This is the final post in a series looking at how we can be sure that students are making progress through the curriculum. The whole purpose of knowing whether students are making progress is to be able to design appropriate instructional sequences. We may believe children are motoring through our wonderfully constructed curriculum but if empirical data reveals this not to be the case, we need to know. If my last post I discussed the importance of being able to glean meaningful data on item difficulty by seeing how well students do on particular assessment tasks. If all students are getting [...]

How do we know pupils are making progress? Part 3: Assessment

2019-03-27T14:12:23+01:00March 26th, 2019|assessment|

In Part 1 of this series I set out the problems with making predictions about students’ progress by drawing a ‘flight path’ between KS2 and KS4, then, in Part 2, I explained how thinking about the curriculum as a progression model is essential in making judgments about whether students are making progress. In this post we will turn our attention to issues of assessment. NB. This might feel a bit technical at times, but please know that I'm trying hard to explain complex ideas as simply as I'm able.  It's important to note that assessment can have a range of purposes. You [...]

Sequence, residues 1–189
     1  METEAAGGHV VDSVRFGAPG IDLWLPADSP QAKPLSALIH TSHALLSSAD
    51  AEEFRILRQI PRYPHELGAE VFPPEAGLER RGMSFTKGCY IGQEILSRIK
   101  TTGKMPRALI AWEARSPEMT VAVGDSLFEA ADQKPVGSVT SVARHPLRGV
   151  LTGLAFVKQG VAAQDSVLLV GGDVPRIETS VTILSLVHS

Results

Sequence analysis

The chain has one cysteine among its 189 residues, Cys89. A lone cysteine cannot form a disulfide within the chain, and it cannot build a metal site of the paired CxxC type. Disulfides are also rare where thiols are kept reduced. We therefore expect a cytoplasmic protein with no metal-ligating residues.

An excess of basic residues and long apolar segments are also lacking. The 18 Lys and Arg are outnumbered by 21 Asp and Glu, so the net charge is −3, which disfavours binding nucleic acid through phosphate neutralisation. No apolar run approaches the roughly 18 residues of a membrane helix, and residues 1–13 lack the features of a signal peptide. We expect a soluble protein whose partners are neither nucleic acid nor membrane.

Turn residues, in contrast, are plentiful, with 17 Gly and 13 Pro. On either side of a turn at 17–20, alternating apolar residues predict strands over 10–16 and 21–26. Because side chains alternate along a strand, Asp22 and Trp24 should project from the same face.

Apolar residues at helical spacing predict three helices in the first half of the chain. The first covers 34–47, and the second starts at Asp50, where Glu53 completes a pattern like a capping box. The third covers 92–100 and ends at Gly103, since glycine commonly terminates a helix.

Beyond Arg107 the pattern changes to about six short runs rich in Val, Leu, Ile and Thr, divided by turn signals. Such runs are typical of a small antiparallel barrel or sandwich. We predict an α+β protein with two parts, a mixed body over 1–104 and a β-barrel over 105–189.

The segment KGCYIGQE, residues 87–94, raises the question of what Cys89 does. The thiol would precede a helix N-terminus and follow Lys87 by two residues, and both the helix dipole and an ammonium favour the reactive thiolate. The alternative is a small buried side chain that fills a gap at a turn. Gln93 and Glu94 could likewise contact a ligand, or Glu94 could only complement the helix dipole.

How do we know pupils are making progress? Part 2: The curriculum

2019-03-27T13:01:32+01:00March 24th, 2019|curriculum|

In my last post, I set out the problems with making predictions about students' progress by drawing a 'flight path' between KS2 and KS4. Instead, I will argue, we should address three interlinked aspects; curriculum, assessment and instruction. In order to make a meaningful statement about where students are right now and what they need to do next, we need to be very clear about where we are hoping they'll end up. This post will focus on issues of curriculum. One of the first things to acknowledge when planning a curriculum is the tension between breadth and focus. Of course students [...]